As an independent contractor I received a 1099-misc from an organization I did work for. I also bought supplies and was reimbursed for the supplies by the organization. Throughout the year, my payment for work and reimbursement would be in one check. The amount on my 1099 is the amount of the reimbursement and wages. I don't think I should the reimbursement should be taxed as income. How do I make this adjustment? Can I do it on a Schedule C?
asked 08 Apr '11, 14:40
This topic has been discussed at length here. You may want to search for it to get more detail and to see the different answers. Some of the regulars here, myself included, do not always respond to posts that are substantially similar to other posts.
Report your income from the 1099 then deduct the expenses you were reimbursed for. This gets you to the same place as if you only reported the monies which were not reimbursements and left the reimbursement off your return.
There is at least one regular here, whom I respect professionally, who has cited something (an instruction from a publication I believe) saying that the payor does NOT have to report your reimbursements as income to you on the 1099. This seems contrary to the concept of being a self employed contractor, but his reference did check out. The only caveat I have to it is that publications cannot be relied on as law, they are merely guidance.
answered 08 Apr '11, 16:46
EAgent is correct - The 1099 may report either the gross payments, including the reimbursement - in which case you deduct the amount of reimbursement as expense or it may report the net amount provided the payer maintains the records under rules similar to accountable plan rules for employee business expense reimbursement. In that case, you would not deduct the reimbursement because it was not included in your income. Either way gets you to the same place (for most purposes). There are times when it may make a difference where an requirement is based on gross receipts rather than net income.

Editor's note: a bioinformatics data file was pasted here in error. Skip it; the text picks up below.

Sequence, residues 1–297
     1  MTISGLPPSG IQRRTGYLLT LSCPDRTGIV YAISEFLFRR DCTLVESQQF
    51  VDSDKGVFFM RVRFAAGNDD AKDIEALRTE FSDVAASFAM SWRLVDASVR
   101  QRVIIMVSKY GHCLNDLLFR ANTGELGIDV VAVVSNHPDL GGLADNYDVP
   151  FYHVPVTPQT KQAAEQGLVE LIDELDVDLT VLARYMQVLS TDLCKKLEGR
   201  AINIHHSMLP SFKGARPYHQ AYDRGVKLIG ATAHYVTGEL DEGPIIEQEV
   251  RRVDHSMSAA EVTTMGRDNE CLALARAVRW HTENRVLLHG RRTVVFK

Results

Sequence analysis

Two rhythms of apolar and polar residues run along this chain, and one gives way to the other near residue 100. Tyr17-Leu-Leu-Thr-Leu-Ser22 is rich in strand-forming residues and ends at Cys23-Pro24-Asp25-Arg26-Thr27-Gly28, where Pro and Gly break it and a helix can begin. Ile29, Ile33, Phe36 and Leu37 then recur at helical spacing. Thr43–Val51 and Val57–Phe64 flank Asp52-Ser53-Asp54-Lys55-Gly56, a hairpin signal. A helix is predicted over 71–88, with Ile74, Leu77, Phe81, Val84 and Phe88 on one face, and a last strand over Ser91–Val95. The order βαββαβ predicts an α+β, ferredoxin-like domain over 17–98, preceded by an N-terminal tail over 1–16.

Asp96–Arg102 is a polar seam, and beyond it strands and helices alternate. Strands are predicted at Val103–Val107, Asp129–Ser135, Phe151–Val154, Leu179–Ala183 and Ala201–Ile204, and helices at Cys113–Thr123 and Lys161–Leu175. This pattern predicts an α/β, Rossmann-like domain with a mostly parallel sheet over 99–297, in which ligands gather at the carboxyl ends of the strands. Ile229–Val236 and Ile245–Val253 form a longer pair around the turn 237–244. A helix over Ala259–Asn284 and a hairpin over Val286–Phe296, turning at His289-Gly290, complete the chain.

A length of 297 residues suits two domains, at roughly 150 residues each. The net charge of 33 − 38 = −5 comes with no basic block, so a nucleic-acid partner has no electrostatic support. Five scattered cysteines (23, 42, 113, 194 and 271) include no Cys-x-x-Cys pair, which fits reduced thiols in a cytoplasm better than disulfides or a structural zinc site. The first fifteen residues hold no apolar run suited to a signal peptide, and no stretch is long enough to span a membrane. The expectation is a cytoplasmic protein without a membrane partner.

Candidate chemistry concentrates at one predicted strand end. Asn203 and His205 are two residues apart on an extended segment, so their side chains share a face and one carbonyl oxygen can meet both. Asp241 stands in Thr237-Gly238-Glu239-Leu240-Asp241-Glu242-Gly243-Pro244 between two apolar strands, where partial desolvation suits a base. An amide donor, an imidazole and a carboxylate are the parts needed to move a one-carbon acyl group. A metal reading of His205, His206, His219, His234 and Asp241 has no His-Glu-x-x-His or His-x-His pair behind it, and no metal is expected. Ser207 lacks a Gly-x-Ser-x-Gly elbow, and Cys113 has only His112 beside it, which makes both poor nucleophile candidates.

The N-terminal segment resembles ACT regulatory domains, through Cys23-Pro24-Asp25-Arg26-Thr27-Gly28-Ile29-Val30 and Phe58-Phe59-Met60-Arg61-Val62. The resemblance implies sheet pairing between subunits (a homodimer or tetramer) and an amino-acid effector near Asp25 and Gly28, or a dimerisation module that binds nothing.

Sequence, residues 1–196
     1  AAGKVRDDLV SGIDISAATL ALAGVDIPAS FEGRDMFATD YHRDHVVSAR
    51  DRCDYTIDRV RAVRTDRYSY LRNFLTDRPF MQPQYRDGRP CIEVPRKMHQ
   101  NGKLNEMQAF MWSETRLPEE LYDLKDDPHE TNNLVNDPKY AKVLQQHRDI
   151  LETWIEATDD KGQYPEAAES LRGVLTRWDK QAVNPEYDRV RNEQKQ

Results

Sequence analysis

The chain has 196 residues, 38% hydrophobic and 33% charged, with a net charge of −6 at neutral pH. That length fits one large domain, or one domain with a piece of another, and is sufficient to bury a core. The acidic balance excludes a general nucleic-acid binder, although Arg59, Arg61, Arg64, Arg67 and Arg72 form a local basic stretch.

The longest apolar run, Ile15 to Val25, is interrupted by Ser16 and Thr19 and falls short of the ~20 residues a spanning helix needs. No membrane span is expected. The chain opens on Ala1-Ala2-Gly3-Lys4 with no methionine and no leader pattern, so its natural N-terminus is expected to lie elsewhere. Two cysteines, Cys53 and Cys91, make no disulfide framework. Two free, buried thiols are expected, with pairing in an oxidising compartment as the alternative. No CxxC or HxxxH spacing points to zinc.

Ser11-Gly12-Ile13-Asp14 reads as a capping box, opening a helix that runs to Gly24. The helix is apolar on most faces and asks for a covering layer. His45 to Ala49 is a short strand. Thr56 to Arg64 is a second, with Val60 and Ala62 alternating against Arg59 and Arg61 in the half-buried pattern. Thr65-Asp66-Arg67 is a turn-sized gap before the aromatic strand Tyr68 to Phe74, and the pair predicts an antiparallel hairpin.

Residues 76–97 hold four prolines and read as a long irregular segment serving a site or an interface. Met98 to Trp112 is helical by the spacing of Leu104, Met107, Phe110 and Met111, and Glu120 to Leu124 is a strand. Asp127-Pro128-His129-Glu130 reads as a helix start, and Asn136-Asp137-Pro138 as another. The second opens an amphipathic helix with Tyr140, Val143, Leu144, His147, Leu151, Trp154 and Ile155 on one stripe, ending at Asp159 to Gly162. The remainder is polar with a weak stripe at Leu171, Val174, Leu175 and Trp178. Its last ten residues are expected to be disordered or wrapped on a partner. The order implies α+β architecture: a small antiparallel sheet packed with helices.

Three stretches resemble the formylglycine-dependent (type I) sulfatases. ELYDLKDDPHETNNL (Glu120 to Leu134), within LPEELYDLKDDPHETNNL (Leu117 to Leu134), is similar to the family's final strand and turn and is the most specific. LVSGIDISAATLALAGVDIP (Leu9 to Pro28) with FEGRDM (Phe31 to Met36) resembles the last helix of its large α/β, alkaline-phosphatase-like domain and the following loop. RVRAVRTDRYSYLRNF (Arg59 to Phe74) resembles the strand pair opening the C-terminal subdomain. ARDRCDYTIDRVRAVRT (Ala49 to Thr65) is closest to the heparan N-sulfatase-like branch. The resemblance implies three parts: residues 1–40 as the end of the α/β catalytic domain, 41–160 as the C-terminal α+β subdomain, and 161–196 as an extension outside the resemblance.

In addition, if the payment is for materials which are not incidental to the services, payments for goods are not generally reportable on Form 1099-MISC -
"Sec. 1.6041-3 Payments for which no return of information is required under section 6041
Returns of information are not required under section 6041 and §§1.6041–1 and 1.6041–2 for payments described in paragraphs (a) through (q) of this section. See §1.6041–4 for reporting exemptions regarding payments to foreign persons.
... (c) Payments of bills for merchandise, telegrams, telephone, freight, storage, and similar charges."
This is in the regulation. However, payments for materials which are incidental to the services would be included - for example, for tax preparaton, the paper, ink, folders, and CD's I provide to my clients as a result of the tax preparation services are part of the service.
Expenses reimbursed under an accountable plan are also excluded in part (h) but that part makes reference to "employee".
"(h)(1) In general. Payments made under reimbursement or other expense allowance arrangements that meet the requirements of section 62(c) of the Code and §1.62–2, that do not exceed the amount of the expenses substantiated (i.e., amounts which are treated as paid under an accountable plan), and that are received by an employee on or after January 1, 1989, with respect to expenses paid or incurred on or after January 1, 1989."
answered 08 Apr '11, 21:30
Emily: Both EA Agent and Pat are correct! Like me EA Agent explains it and Pat is the "code and reg man (wink)" Cutting to the bottom line, a taxpayer is suppose to report all income received, whether reported on a 1099-MISC, etc or not. In your case, whether the organization reported the expense reimbursement as well as your "fee" you should be reporting as gross revenue both items, taking the monies you paid as deductible expenses on the appropriate lines of schedule C of your tax return. On net you still have the same result. If IRS questions you later on, looking at bank statements, etc, by showing your reimbursed expenses as well as your fee income in revenue will help you satisfy the curiosity of the IRS auditor.
answered 11 Apr '11, 17:06